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19th Century English

May 26, 2016

We briefly looked at 19th century texts, having found an example at home.

These are varied and sophisticated in their range of possible topics, in their typographical and organisational resources (including the possibility of illustrations and diagrams), and the increasing range of possible audiences too. Towards the end of the 19th century/Victorian period, education was becoming widespread and available to the lower classes as well as leisured upper/upper-middle classes. News journalism was becoming daily and more specialised, as steam-driven presses were able to produce large amounts of printed material. These large machines could also produce large posters; use colour more freely; and typographic design meant that advertisers would compete for increasingly attractive (dense!) layouts, packing in material that varied between the bold and abrupt, and the detailed promotional language.

Sentences tended to be lengthy, we saw, with suspended sentences being typical toward the end of the period. These were sentences, in which, due to the embedding of other clauses within the earlier noun phrases and adverbials, which were often fronted, thanks in some degree to a predilection on the part of writers to engage with such a style, and a propensity for listing, the better to make vivid settings and circumstances, or to itemise the many benefits of the goods or serviced being advertised, for instance, the point of the sentence would be deferred, only appearing after such meandering digressions, at the very end. (If you hadn’t noticed, that sentence was an example!) This densely embedded and elaborated grammatical structure expected readers to hold an awful lot of information in mind — but this was an audience now used to reading, and able to do so at length: there was not yet the competition of radio (‘the wireless’) or TV. Aim to do better when writing about these sentences that just describing them as ‘long’ — look for embedded clauses, listing structures, track down the main verb in the sentences.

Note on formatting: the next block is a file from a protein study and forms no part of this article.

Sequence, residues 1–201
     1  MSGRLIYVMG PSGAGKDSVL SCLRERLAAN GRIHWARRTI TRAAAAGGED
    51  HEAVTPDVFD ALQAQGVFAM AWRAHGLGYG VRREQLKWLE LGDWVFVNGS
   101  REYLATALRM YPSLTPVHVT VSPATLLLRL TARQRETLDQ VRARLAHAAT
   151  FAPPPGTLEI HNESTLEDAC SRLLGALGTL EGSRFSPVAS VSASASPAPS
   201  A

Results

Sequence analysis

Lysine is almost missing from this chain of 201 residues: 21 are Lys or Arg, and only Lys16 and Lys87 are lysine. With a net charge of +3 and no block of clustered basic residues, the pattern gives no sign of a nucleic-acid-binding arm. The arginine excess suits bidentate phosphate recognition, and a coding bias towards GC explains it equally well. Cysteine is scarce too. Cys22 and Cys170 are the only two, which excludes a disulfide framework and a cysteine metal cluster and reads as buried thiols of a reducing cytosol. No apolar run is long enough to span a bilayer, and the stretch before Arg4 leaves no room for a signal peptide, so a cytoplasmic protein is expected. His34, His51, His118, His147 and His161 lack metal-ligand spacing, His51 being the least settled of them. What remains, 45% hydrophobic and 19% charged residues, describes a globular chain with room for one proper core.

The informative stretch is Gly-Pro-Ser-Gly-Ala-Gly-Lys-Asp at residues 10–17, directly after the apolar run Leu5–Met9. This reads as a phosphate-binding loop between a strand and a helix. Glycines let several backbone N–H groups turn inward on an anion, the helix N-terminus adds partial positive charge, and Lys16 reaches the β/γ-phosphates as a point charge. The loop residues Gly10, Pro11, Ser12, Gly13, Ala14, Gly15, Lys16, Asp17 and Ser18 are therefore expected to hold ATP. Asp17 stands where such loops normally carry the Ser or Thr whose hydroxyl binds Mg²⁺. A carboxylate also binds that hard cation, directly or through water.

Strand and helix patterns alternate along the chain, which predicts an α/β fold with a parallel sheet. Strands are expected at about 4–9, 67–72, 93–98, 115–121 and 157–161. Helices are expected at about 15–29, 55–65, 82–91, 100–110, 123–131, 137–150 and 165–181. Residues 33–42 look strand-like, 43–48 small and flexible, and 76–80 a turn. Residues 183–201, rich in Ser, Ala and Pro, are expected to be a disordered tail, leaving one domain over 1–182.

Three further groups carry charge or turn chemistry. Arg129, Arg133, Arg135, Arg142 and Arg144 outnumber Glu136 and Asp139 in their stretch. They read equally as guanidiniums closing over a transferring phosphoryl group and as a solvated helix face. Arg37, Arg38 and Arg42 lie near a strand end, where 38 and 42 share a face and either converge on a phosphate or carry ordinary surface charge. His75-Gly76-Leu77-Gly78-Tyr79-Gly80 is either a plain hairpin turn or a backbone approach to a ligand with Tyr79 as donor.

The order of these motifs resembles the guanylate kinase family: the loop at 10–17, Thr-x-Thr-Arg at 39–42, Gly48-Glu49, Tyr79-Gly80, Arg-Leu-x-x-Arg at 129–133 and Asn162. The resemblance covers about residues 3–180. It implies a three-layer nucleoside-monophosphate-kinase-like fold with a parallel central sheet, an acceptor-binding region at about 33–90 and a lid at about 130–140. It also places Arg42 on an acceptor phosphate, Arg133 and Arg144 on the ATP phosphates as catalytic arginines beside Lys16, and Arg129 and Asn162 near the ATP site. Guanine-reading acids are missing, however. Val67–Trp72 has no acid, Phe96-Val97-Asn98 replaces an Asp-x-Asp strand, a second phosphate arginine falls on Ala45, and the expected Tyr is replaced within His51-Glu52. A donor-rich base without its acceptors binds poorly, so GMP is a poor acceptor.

Lexis was also very varied, as we had seen in the music journalism section: often Latinate or based in Greek, and freely shifting into other languages, such as French, on the assumption that the audience would as a matter of course have been educated in such matters. Gone from the language by this point, however, are a number of features we have seen up until now: no more thee/thou except in dialect, no more long ‘s’ or u/v i/j rules (they have their modern values), -eth has been fully replaced by -es for third person singular present; with the exception being perhaps in ‘poetic diction’.

We looked in more detail at little features of grammar around this period, using texts from Jane Austen. In many ways Austen’s work is utterly modern (having been an influence on the development of the novel form), with relatively short paragraphs, lots of dialogue, and a tendency for fewer suspended sentences than later in the work of, say, Dickens. But we practised identifying specific, small scale patterns of grammatical variation, of the sort which are mark-earning in the exam. Taking just a couple of instances of preposition differences, changes in auxiliary usage, differing patterns of articles, unfamiliar uses of tenses and verb forms, we can imagine what we would naturally say in present-day English and classify using a technical term. What motivates these then is the gradual shift of preferred styles; in some cases there might be a more particular reason for a given change, but just to identify a pattern and motivate by timescale is worth a mention. the Austen exercise is reproduced for reference here: Austen Language Change

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